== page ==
Madison bore no grudges. On Washington’s death in 1799 he remarked, “Death has robbed our country of its most distinguished ornament, and the world of one its greatest benefactors.”

Jefferson – natural leader

Stewart sketches Thomas Jefferson as smart and tall, with “an air of relaxed command,” while his friend Madison was “short, skinny, pale and reserved.” You could immediately warm to Jefferson, while Madison’s appeal took longer to appreciate. Eight inches taller but also eight years older, Jefferson personified the legend of American Independence (and was author of its Declaration with sage help from Benjamin Franklin). When envoy to France, he held his own among royalty and rebels. He returned home to serve as America’s first Secretary of State under Washington, and in the election of 1796, served as Adams’ Vice President after narrowly losing the presidency in an election that sparked controversy, but not insurrection.

Jefferson and Madison were close. “I long to see you,” Jefferson wrote Madison when a long period had elapsed since they had met. But they were not afraid of being direct. When Madison objected to one of Jefferson’s departures from public service, the latter responded tartly that the decision would “rest on my own feelings alone.” During the Adams administration, they were united in their denunciation of the Alien and Sedition Acts, which, among other things, made criticising the government a punishable offense.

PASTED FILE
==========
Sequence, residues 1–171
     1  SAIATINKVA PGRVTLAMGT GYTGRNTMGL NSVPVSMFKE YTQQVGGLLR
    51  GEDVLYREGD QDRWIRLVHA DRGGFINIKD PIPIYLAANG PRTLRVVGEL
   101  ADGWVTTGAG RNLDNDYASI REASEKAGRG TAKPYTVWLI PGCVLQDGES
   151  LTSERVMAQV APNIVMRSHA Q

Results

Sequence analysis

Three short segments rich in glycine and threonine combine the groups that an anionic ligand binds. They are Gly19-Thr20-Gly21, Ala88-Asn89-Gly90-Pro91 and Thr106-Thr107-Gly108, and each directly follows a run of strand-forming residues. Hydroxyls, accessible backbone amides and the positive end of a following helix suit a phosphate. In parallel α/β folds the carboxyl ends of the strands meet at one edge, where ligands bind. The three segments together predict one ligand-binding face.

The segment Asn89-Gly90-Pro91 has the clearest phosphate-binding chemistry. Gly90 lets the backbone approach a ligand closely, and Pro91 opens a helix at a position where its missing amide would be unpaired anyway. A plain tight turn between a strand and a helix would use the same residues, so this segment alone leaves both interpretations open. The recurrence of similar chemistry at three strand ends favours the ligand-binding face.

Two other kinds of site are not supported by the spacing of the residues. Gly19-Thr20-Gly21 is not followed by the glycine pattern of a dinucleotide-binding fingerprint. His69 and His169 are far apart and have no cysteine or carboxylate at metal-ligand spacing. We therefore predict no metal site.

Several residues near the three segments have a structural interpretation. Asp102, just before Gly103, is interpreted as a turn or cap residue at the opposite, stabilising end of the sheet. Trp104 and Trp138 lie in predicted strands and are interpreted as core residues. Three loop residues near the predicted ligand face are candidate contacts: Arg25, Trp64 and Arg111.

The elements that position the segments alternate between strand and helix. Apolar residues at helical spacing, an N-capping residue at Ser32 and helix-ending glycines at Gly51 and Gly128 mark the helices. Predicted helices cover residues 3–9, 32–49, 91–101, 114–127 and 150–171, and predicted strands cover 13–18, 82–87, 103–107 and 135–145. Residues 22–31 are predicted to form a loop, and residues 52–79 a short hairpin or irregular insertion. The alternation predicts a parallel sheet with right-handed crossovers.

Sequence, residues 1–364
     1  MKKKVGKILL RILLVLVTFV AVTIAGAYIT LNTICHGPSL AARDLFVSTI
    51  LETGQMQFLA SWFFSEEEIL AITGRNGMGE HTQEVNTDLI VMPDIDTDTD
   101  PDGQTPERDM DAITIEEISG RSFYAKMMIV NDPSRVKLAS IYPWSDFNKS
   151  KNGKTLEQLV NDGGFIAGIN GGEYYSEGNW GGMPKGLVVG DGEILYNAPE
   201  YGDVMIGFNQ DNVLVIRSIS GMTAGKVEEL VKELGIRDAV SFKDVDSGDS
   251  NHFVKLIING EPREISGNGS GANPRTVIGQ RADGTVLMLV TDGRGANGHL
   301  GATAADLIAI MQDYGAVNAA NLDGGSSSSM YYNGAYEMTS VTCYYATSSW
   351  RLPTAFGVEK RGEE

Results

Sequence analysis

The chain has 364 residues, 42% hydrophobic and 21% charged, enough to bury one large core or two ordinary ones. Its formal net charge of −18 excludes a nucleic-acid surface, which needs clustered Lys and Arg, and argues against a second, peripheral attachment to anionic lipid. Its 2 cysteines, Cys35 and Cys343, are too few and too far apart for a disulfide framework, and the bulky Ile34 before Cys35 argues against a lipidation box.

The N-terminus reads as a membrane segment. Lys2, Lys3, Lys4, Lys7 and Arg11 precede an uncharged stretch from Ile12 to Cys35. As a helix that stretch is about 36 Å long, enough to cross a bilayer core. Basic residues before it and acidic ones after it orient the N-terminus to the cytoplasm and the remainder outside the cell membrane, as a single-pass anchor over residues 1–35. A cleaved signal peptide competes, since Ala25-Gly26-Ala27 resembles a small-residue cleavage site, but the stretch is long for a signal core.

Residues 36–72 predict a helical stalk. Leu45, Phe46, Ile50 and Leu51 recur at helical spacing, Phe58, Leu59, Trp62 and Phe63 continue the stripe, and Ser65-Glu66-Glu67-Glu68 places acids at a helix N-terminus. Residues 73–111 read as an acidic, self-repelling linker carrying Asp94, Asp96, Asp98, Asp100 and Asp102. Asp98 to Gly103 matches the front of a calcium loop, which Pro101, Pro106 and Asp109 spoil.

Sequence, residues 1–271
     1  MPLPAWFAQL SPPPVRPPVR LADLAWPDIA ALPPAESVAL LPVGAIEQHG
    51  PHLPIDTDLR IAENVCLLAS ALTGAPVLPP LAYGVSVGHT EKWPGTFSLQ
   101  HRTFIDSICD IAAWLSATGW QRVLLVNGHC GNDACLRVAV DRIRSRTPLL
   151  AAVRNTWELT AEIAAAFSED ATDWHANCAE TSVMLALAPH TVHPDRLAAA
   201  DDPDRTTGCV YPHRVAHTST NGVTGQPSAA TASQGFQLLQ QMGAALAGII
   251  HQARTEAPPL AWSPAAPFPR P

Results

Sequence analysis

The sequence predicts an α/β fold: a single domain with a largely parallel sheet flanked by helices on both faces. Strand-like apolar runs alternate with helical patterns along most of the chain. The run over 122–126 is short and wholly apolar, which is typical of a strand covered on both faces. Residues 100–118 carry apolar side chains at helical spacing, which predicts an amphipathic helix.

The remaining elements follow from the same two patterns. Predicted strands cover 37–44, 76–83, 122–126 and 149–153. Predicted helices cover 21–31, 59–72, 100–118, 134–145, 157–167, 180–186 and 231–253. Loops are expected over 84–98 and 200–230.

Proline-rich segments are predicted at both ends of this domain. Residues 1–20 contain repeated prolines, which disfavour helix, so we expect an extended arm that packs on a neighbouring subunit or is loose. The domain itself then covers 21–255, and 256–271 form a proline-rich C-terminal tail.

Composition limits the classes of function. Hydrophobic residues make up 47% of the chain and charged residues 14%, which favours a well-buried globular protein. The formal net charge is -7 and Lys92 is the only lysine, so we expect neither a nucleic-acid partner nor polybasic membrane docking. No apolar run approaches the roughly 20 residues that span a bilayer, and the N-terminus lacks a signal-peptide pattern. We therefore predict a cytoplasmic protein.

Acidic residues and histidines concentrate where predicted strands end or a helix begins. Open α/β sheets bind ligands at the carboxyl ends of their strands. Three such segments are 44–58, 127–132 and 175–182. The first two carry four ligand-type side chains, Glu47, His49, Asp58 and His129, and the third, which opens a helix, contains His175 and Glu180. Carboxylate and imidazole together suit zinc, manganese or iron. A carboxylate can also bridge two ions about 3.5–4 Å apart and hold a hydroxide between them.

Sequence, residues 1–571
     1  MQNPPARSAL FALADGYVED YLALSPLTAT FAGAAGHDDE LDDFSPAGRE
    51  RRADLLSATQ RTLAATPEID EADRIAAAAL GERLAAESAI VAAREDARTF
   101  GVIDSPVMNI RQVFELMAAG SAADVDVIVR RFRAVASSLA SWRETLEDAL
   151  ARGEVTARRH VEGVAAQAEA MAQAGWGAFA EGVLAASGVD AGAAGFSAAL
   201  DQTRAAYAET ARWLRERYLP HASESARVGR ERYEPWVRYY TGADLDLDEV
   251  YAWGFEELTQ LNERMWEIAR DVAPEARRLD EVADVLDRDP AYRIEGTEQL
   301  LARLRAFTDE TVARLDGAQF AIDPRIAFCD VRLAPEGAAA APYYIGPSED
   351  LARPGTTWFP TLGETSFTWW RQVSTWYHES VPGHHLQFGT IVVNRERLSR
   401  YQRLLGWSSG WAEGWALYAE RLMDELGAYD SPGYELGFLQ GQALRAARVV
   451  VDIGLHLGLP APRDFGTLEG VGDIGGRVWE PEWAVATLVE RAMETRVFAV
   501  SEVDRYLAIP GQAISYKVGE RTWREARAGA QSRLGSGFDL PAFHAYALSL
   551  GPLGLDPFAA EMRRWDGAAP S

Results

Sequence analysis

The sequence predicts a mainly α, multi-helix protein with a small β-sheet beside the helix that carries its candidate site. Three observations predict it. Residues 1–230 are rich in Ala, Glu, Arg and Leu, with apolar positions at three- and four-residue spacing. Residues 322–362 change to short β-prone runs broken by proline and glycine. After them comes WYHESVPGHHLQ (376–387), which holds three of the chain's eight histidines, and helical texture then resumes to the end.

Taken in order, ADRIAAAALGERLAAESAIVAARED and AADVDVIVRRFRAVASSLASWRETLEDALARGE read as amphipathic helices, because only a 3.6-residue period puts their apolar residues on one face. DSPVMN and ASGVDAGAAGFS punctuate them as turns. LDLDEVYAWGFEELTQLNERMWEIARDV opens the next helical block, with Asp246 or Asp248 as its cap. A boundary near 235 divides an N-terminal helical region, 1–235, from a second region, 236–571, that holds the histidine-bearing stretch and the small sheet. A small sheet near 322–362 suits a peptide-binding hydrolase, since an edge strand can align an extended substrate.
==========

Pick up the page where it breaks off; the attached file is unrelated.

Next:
Stewart might have given a more prominent role to Adams whose steely intelligence did much to shore up the new nation. But he does allow Adams the book’s best quote. Complaining about Jefferson and Madison’s style of campaigning for high office by feigning disinterest, he offered: “Mr. Madison is to retire. It seems the mode of becoming great is to retire. Madison I suppose after a retirement of a few years is to be president or V.P…. It is marvellous how political plants grow in the shade.”

Monroe – military and diplomatic expert

James Monroe was a teenager when he enlisted in the Continental Army, crossing paths with those who would lead the United States, including Washington and Hamilton. Stewart cites his respectable war record and a genial “earnestness that inspired trust.” In 1783, when Madison returned to Virginia after serving three years in the Continental Congress, Monroe took his place as the state’s new delegate. A year later, Jefferson recommended Monroe to Madison saying “a better man cannot be,” thus initiating another lasting friendship among fellow Virginians.